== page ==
I have a number of new resources for recipes from restaurants, inns, and hotel restaurants that were in their heyday in the 1940s, 1950s, 1960s and 1970s, many of which are long closed. If you're looking for a restaurant recipe from those years, write me.
Restaurant chains, use pre-mixed ingredients whenever possible to make their dishes. Why? Two reasons: First, to reduce costs, and second, to insure consistency. If Giovanni's Italian Cafe has twenty franchises around the country, then the Giovanni Company wants to keep costs low (the profit margin of a restaurant is very small), and Giovanni's wants to be sure that if you go into a Giovanni's in New Jersey, then the house salad dressing tastes the same as it does in a Giovanni's in San Diego.
How to do this?
Well, you don't do it by starting from scratch and using fresh, local ingredients to make the dressing up in small batches. That's expensive, time-consuming, and inconsistent, because local ingredients in New Jersey aren't always the same as those in San Diego, and buying things locally in small quantities is more expensive than buying in large, bulk quantities. Besides, your kitchen employee in San Diego may not make it exactly the same as the one in New Jersey.
One thing that you could do is make all of the salad dressing for the whole company in one place (or sub-contract it to a salad-dressing company). If you do that, then all of the ingredients will be the same and will be bought in large quantities, and the production process will be the same, so you will cut costs and insure consistency. You won't have to rely on the skill of your kitchen employee in San Diego in following a complex recipe. At most, all he'll be doing is transferring it from one container to another.
But what if making the finished dressing in one place and shipping it around the country isn't practical? What if it loses freshness that way?
Well, then you have the chefs in your company test kitchen come up with a formula for the dressing that uses pre-mixed ingredients. You still buy them in bulk, and you sell them to the individual franchises with a few simple mixing instructions. You sell them ingredients like "Giovanni's Salad Vinegar" and "Giovanni's Olive Oil", and "Giovanni's House Dressing Mix". The "recipe" for a day's worth of dressing may say something like: "Mix one gallon of Giovanni's Olive Oil with 1/2 Gallon of Giovanni's Salad Vinegar. Add one bag of Giovanni's House Dressing Mix and blend thoroughly". Even the kitchen employees at the local Giovanni's don't know exactly what's in that "Giovanni's House Dressing Mix", and couldn't make the dressing from scratch even if they wanted to.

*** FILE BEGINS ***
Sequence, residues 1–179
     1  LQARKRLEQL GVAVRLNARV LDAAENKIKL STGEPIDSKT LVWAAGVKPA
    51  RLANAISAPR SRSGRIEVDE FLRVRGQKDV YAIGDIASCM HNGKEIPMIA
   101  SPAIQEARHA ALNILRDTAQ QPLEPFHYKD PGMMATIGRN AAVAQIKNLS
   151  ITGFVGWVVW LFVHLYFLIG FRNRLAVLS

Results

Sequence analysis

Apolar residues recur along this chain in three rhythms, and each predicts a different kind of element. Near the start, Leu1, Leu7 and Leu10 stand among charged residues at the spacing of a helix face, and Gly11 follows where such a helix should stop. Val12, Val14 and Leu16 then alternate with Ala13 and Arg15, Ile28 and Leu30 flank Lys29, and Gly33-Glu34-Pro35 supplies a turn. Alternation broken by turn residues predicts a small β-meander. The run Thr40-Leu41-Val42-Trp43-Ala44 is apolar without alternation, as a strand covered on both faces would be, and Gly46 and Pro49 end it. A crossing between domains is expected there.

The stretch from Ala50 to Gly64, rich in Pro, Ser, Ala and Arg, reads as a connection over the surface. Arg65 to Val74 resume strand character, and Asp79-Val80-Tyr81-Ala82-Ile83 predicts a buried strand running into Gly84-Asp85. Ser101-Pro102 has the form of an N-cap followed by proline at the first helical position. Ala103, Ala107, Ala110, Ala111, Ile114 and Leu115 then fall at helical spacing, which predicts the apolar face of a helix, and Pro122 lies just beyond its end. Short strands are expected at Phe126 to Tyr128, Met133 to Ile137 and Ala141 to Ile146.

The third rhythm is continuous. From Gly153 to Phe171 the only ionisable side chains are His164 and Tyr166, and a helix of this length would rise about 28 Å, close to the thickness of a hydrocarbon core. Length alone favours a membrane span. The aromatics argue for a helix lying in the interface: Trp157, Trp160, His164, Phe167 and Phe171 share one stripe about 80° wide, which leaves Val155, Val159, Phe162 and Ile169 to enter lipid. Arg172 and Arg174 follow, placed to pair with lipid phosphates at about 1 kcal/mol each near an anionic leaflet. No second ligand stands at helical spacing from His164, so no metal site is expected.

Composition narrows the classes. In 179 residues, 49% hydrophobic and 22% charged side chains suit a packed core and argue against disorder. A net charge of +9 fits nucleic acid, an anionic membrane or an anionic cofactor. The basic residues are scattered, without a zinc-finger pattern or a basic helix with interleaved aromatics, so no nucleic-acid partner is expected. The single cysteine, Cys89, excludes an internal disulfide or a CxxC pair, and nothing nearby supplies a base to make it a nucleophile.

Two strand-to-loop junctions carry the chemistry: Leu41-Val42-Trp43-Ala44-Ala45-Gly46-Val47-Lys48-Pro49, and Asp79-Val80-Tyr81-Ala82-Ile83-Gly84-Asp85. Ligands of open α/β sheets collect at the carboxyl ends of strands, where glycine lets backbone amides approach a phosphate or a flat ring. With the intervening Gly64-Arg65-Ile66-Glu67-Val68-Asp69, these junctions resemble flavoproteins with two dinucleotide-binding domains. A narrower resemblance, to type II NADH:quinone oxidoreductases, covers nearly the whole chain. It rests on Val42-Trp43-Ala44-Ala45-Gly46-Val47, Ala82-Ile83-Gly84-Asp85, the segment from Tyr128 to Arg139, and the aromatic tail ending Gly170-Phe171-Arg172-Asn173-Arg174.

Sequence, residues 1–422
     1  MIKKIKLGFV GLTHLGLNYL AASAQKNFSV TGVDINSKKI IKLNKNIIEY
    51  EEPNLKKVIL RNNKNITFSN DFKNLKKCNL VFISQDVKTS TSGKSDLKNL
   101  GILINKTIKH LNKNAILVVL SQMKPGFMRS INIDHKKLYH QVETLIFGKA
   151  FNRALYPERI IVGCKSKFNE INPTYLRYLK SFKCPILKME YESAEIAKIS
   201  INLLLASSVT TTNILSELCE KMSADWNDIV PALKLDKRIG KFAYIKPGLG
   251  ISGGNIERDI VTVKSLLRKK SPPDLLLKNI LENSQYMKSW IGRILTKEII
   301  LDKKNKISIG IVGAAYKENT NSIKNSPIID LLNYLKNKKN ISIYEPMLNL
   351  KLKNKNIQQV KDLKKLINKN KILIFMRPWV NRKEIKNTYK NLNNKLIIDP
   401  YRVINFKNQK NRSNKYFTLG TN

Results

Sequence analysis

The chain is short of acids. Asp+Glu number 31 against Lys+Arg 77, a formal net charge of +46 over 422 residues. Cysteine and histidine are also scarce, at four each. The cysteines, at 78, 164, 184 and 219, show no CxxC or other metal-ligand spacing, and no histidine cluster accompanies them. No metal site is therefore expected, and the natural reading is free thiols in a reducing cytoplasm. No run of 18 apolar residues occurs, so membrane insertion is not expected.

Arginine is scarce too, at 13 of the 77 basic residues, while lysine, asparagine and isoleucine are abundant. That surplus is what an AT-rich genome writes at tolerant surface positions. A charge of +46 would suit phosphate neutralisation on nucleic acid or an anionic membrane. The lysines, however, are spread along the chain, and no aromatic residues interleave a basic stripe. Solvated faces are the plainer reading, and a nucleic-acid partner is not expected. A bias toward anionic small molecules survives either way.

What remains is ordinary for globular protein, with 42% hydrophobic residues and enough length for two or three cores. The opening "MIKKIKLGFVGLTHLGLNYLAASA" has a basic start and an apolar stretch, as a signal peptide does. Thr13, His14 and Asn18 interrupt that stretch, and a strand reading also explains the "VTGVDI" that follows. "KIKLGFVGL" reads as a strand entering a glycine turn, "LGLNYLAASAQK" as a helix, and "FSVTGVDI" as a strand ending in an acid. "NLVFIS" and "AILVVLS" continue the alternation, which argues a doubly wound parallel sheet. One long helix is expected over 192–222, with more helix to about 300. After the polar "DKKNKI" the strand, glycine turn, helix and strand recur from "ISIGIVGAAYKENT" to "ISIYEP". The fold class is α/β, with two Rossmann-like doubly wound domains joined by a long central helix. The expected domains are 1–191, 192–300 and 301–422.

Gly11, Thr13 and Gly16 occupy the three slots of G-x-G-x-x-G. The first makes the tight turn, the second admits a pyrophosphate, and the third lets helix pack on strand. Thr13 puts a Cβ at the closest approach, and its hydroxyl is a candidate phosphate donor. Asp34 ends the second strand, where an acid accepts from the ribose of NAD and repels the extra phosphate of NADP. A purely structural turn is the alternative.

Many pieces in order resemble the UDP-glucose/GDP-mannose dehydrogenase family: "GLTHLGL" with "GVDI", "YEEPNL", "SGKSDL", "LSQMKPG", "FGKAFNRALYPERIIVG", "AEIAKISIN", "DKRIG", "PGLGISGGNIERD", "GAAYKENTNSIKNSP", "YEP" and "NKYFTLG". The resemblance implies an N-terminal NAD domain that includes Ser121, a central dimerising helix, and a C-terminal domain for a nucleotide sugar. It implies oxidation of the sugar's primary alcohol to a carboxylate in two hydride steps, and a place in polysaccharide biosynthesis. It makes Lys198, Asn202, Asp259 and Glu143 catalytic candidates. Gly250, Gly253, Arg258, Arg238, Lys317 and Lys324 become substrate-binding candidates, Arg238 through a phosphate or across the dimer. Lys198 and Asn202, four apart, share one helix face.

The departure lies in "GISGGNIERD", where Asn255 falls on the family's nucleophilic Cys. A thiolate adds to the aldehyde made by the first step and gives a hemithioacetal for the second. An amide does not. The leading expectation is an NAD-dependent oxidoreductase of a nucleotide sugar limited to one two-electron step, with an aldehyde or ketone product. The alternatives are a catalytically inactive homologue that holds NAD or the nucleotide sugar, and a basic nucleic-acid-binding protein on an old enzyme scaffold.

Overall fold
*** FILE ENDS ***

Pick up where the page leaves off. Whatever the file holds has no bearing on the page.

Along comes Mr. Customer, who thinks the Giovanni's House Dressing is the best he's ever tasted, and he wants to be able to make it at home. He asks the waiter for the recipe, but the waiter says "I'm sorry, we don't give out recipes. It's company policy." But, even if the waiter did give him the recipe, it wouldn't help Mr. Customer , because where is Mr. Customer going to get "Giovanni's House Dressing Mix"?
Suppose Mr. Customer was able to convince an employee at the place where "Giovanni's House Dressing Mix" is made to give him a copy of that recipe. Would that solve his problem? - It would be something like: Combine 50 lbs of sugar, 20 lbs of salt, 15 lbs oregano, 10 lbs dried chili pepper powder, and 15 lbs garlic powder. Add flavor enhancers, stabilizers, artificial flavors,and preservatives. - That wouldn't help most people, either, would it?
What Mr. Customer really wants is a "Copycat Recipe". A copycat recipe is a knock-off that tastes like the restaurant product or dish, but that can be made in Mr. Customer's kitchen with ingredients that Mr. Customer has on hand or can buy at his local grocery store.
Restaurants, even the local ones that really do use local ingredients, usually don't give out their recipes. Why would they? Their recipes are their livelihood ! It's difficult enough for a restaurant to make money anyway. Why would they give out their recipes so that people could make their dishes at home? They need your business! They want you to come back to get their dishes, not to stay home and make them yourself! There are exceptions, of course. Red Lobster and a few other chains have some copycats for their dishes on their websites, and occasionally chefs give out home recipe versions of the dishes that they serve. You'll see these sometimes in newspaper columns and on TV cooking shows.
Links to some sites for restaurant and copycat recipes are here:
If you want me to try and locate a recipe or a copycat recipe for a dish that you had in a restaurant, don't forget to give me the name of the restaurant and the location. If you are looking for a recipe from a restaurant or bakery that is no longer in business, it's very helpful if you tell me anything that you know about the owners, their family, or the chef.